Hospitality, Warmth & Humility

Monday 14 July, 2003

At the weekend, I attended a friend’s Sikh wedding. I spent a beautiful couple of days filled with love and laughter among good people. Everything worked so smoothly. Back home this evening I talked to Karaj, Shona and Serena about my observations and about the warmth, hospitality, faith, pride and respect of the people I met:

  1. As soon as we arrived at the house I was invited to sit down and have some lunch. Chiran introduced me to Satwant, a Kenyan Sikh with great presence. He was quiet yet powerful. The food was delicious and I felt right at home as I watched the Sikhs around me greet each other in ways which are so  familiar to me.
  2. The evening continued in the main garden. The women prepared the food and served. The men congregated outside, chatted and drank. It quickly became apparent to me that every member of the family was imbued with the spirit of hospitality which is characteristic of Indian culture.
  3. The women were having a different night to the men. There was a definite split between the sexes; a natural partition which allowed each group to do what they do best. The men talked and had fun; while the women cooked, served and had fun. It was the women who started the dancing off with a ceremony of their own. It brought light to the occasion. I watched how much the older women enjoyed it all, throwing themselves into a tradition with which they were so familiar. By the end, the men and women were all dancing together, as the joy of the day reached its peak.
  4. At the reception the next day, people milled around, chatting with each other before the bride and groom were welcomed ceremoniously into the main room. I was in admiration of what I saw. The men were proud, the women beautiful, and I felt welcomed and at home.
  5. The men I have talked to this weekend have all had an air of humility about them. Even when Satwant told me tonight he knows everything, there was humility about his statement. He was merely telling me how it is rather than showing off. He has no need to show off. He is the best man at his job and is respected by all who know him. When I asked him how he knows so much, he simply said: ‘I just talk to my customers.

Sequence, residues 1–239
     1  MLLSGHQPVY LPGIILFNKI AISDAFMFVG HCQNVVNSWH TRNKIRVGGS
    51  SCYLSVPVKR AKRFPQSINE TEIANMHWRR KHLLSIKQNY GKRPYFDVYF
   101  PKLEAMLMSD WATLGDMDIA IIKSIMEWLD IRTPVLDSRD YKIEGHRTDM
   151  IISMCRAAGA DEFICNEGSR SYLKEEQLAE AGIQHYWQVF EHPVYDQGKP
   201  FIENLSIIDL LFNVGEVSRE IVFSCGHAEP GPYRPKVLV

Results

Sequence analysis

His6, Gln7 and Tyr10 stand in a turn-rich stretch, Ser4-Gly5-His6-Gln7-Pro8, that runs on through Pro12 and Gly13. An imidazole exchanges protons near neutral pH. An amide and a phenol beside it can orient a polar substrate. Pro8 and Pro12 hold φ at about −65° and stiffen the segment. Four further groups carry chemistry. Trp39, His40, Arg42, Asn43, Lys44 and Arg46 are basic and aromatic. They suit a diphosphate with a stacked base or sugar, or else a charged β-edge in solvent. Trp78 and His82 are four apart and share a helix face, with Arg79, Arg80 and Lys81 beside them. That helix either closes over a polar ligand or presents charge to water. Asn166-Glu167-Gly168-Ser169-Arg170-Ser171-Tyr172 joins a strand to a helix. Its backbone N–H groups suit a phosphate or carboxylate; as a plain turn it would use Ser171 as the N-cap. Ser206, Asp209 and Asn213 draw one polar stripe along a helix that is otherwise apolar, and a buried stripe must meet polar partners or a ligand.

6. Later, I sat for a while with an older man called Gundip. He told me that, ‘If you are good to people they cannot help but be good back.‘ He also talked to me about the five aspects of relationships: Trust, Tolerance, Acceptance, Togetherness, Respect.

I shared my learning points with Karaj, Shona and Serena:

  1. My friends choose a more positive route through conversations and situations. I seem to have a door to a negative path which is always open to me.
  2. I am better off being myself. When I try to be someone else I fuck it up. Be myself and be happy with that.
  3. Go along with the behaviour of others and keep my own integrity to myself. Satwant does exactly this. Chiran told me that because he doesn’t drink and all his colleagues and friends are big whiskey drinkers, he drinks coke diluted with water because it looks like whiskey and they leave him alone.
  4. I see now what Karaj has been saying to the likes of Simran, Dev and Priya. They have no pride and no idea how to serve and be hospitable. I have learnt more about the hospitality of Indian culture from 50 hours in Leeds than I have from 3½ years in the company of the Sikhs at the house.

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